Price Your Business to Sell
Sellers are good “business people;” they naturally are after the best possible price for their business. Realistic pricing is perhaps the most important factor in selling from a point of strength. Understanding the marketplace, and not some high mark in the past or potentail. Remember that buyers want a business that has potential, but they don’t want to pay for it. Buyers will pay for what you have done recently.
First locating and then qualifying buyers is a key function of business brokers. They will use computerized data bases, professional associations and other networks nationally and internationally — all to increase the chances of selling a business at top value.
In addition, the business broker will determine the right buyer for the right business, focusing on those prospects who are financially qualified as well as genuinely (or potentially) interested in the business for sale. As part of qualifying buyers, to take the “fear” out of the likely need for seller financing, the business broker will assess the ability of a particular buyer to run a business successfully. This invaluable work by the broker not only locates the best buyers, it also frees the seller to concentrate on his role in the selling process.
In addition to the obvious need for the business to appear clean and cared-for, there are important steps the seller must take in advance of putting the business on the market. In most cases, a business will sell based on the numbers. Your business broker will help you create a clear financial picture — in timely fashion — and to prepare statements suitable for presentation to a prospective buyer.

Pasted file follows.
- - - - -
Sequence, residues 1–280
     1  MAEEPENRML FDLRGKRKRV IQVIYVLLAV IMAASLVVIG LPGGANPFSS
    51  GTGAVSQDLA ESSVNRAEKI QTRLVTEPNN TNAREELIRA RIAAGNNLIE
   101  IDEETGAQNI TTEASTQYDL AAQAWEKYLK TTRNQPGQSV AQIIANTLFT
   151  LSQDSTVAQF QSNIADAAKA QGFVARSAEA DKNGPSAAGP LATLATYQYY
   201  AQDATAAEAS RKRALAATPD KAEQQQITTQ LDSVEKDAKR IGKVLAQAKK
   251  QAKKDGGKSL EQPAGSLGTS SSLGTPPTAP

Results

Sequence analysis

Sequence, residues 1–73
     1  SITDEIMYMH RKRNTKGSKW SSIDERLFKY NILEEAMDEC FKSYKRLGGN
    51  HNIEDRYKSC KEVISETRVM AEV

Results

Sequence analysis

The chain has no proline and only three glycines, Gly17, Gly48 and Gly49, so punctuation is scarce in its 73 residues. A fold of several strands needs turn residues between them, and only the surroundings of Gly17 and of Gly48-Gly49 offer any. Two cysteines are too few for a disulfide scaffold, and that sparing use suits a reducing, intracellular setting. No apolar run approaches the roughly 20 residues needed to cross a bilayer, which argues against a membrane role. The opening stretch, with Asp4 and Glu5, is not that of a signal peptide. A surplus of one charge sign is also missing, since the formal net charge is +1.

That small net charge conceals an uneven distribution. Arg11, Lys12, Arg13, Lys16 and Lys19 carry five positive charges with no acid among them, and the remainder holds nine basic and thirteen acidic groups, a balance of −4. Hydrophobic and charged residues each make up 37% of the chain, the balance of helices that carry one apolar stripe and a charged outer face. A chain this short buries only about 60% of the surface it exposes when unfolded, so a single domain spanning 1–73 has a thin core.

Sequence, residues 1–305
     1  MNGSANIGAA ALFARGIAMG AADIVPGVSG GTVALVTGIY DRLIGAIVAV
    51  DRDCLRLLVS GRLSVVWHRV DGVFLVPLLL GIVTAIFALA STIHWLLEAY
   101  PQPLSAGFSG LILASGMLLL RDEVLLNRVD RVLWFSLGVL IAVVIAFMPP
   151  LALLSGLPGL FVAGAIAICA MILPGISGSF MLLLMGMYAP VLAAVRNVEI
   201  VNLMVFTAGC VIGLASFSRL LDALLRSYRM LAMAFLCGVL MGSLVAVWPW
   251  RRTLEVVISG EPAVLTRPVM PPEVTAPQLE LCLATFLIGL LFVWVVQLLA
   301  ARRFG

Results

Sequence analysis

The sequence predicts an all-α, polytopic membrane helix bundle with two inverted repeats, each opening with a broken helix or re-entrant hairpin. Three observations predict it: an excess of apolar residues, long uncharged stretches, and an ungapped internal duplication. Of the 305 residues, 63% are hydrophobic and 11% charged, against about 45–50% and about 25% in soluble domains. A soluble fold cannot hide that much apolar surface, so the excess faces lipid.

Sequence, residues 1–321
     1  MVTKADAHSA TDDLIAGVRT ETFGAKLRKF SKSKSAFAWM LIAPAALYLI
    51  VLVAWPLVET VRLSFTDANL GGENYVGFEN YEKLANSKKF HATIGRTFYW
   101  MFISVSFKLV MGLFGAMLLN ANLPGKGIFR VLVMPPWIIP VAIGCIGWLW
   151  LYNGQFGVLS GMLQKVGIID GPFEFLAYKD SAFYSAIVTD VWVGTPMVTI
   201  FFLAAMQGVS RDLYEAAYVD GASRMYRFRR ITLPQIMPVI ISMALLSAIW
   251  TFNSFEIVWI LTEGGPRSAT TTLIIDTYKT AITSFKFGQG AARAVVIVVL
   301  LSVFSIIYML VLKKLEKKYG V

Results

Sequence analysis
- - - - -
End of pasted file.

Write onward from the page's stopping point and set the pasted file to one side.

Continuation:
Business owners are accustomed to coping with paperwork, but few have had exposure to the specialized contracts and forms required both before and during the selling process. The business broker, an expert at transaction details, will help guard against delays, problems, and premature (or inappropriate) disclosure of information.
Another vital activity for the seller is to keep on top of the day-to-day running of the business. When a business intermediary is on hand to focus on the marketing of the business, the seller can focus on keeping daily operations on-target.
Until a purchase-and-sale agreement has been signed, most sellers do not want to disturb (or jeopardize) the normal interaction with customers and employees; nor do they want to alert the competition. A business broker helps by using nonspecific descriptions of the business and requiring signed confidentiality agreements.